Anubis

Radio Player

 
 

 

Introduction

Anubis Player is designed as a single exe file with minimal DLL dependencies. In other words copy the 'Anubis Player.exe' file to your hard drive and run it. All required DLL's should already be available on your machine as part of the standard operating system. The MP3 codec you installed for Anubis Radio Recorder will be required if MP3 compression is to be used (strongly recommended).

Anubis Player system requirements

  • A Sound Card.
  • A Computer running a Windows variant.
  • Optional - CD ROM creation softwa - CD ROM creation software if you wish to cut CDs. Any software which supports 44 kHz 16 bit Stereo WAV files will work. If you use CDRWin, Anubis will generate a cue sheet file for you.
  • Optionalyer. Anubis will generate MP3 files for download.

Installation

  • Download the latest Windows Media Player and install to get the MP3 codec.
  • Run 'Anubis Player.exe' yRun 'Anubis Player.exe' you will be greeted with:

  • The Main application window is split into two frames with a splitter bar down the middle. The splitter bar can be moved with the mouse. The left hand pane is used to display the contents of the radio database. The right hand pane is used to display the current play list. is loaded usThe database is loaded using the File, Open Radio Database... dialog. Use this browse dialog to select the same directory configured in Anubis Radio Recorder. If you are using different machines you will need to do this via a network share. Anubis Player scans the specified directory reading all WAV files. For each WAV file it attempts to locate a corresponding ash (schedule) file. After opening the database you should see something similar to this:

  • The left hand pane displays the schedule for the selected file (20th March 2003 in this case). The top of the pane contains three tool bars. The dropdown list tool bar allow selection of a particular date. The second tool bar shows the currently playing program (none in this case). The third tool bar contains some useful control buttons, in order left to right they are play, pause, stop, previous program, rewind, fast forward, next program, previous day, file info, delete and next day.chedule pane Within the schedule pane the mouse is very important. Double clicking on a bold program title starts that program playing - it will turn dark green in the schedule pane. Using the right mouse button on a bold program title provides three options, Play, Find... and Add to Play List. Play has the same effect as double clicking. Find... allows searching across all available schedules for a particular item. Add to Play List moves the selected item into the right hand pane. Here we have added two play list items, 'Crossing Continents' and 'Little Black Dress':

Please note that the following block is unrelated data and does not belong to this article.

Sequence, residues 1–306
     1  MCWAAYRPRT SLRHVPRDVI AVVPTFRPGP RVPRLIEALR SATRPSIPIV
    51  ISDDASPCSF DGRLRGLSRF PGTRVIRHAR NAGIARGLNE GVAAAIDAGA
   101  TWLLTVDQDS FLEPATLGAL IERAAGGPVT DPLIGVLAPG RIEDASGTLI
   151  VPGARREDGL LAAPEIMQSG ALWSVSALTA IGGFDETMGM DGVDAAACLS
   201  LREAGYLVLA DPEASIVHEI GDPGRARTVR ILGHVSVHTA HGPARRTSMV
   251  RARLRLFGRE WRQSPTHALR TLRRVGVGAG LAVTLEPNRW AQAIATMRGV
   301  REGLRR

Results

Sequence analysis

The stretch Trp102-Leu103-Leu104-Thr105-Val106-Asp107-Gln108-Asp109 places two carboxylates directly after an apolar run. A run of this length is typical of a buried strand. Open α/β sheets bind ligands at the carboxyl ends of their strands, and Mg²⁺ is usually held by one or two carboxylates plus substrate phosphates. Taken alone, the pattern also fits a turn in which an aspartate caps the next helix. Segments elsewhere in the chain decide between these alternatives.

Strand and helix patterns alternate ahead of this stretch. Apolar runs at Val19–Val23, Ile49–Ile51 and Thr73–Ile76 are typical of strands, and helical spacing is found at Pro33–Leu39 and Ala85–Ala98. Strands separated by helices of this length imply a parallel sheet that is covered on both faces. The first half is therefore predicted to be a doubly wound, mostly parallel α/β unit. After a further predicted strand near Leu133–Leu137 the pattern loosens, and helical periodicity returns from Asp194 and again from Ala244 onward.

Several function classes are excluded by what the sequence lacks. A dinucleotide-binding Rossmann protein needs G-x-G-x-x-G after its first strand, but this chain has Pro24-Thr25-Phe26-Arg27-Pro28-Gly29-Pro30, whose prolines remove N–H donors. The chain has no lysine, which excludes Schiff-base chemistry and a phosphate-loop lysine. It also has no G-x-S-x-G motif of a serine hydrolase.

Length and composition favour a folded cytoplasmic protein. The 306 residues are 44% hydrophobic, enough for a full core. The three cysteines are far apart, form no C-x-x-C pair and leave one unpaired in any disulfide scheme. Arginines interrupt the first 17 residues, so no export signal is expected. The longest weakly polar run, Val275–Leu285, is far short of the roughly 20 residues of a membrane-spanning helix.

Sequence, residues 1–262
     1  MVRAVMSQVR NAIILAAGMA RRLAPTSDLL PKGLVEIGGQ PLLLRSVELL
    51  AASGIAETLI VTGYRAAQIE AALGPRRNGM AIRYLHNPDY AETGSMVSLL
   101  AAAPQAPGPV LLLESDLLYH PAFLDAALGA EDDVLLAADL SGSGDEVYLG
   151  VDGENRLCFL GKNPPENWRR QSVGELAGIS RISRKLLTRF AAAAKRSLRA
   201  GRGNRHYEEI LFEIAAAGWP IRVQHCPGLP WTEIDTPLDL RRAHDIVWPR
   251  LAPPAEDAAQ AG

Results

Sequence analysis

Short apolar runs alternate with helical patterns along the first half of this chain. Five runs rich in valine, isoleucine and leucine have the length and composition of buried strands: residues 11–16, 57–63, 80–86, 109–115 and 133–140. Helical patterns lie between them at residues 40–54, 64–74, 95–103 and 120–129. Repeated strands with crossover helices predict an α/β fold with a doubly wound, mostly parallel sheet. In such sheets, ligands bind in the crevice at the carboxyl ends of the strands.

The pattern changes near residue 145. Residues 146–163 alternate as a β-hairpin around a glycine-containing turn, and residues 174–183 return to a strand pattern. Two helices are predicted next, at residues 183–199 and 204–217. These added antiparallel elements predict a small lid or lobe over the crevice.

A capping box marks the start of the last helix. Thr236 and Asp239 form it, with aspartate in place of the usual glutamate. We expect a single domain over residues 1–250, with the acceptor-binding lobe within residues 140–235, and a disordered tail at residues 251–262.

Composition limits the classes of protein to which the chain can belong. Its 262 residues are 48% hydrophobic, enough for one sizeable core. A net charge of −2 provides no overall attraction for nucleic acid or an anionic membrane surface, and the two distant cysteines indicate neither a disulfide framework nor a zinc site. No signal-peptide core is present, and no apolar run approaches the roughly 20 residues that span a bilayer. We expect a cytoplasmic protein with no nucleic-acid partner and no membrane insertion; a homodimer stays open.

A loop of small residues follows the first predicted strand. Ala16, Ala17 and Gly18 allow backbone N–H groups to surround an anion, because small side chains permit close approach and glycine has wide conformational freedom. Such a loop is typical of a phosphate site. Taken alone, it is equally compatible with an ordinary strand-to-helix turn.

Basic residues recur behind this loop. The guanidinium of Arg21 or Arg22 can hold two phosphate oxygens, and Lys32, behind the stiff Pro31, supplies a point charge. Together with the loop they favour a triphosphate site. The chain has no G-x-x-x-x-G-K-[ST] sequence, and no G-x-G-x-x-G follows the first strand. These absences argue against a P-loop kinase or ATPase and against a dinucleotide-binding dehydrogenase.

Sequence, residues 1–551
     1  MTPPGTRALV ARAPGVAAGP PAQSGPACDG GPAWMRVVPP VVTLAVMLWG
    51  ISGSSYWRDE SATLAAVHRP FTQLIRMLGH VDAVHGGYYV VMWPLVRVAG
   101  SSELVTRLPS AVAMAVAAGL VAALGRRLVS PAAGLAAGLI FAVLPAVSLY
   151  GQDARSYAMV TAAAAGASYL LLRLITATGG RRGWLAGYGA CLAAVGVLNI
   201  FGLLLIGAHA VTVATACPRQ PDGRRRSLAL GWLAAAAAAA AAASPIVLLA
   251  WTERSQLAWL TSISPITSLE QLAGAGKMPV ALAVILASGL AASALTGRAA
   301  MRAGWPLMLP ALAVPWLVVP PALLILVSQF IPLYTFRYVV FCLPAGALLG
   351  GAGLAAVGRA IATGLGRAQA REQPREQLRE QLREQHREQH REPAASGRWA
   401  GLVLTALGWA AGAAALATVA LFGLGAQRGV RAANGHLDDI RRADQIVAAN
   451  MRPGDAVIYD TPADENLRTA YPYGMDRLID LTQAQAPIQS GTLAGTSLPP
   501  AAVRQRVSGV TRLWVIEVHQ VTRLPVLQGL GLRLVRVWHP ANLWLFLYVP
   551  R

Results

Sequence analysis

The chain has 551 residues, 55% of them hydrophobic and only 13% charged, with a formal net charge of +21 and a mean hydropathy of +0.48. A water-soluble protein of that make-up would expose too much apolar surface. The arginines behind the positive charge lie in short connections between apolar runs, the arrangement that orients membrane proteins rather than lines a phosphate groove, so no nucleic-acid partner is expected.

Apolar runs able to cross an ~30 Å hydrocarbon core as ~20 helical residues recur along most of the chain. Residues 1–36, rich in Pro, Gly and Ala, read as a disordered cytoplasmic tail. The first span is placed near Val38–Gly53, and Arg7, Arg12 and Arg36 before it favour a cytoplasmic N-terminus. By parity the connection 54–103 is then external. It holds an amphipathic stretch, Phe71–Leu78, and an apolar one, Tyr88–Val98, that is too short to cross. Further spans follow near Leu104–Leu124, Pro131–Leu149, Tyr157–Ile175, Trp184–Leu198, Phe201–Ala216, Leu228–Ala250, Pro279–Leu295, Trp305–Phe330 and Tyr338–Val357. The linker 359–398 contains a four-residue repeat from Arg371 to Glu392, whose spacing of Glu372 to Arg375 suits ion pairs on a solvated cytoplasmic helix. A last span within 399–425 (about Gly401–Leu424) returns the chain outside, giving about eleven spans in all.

• There are three tool bars at the top of the play list frame. The drop down list tool bar is used to select the media type. The media type is used to break the play list up into chunks that will fit the selected media. Continuous (as shown above) does not attempt to break up the media. The second tool bar (shown to the right of the media type) is used to display the playing item (none in this case). The third tool bar contains some useful buttons, in order left to right they are, Delete, Play, Pause, Stop, Previous play list item, Rewind, Fast Forward, Next play list item, Cut CD and Create MP3 files.er operation should be intuitive to a user familiar with Windows applications. I will therefore concentrate on the more obscure aspects. The cut CD command will convert each play list item into a separate file in a directory specified in the View, Options... dialog. These track files can usually by dragged directly into your CD creation software. Anubis also creates a cue sheet file which can be loaded directly into CDRWin allowing a CD to be cut without further ado.
  • MP3 file creation works in a similar way to cutting a CD but the program title name is used as the file name and the file format is MP3. If the file name already exists, a number is appended to the beginning of the file name to make it unique.
  • Play lists may be saved and loaded but be aware that a play list contains only references to the original database WAV file. Once the WAV files are purged the play lists are useless.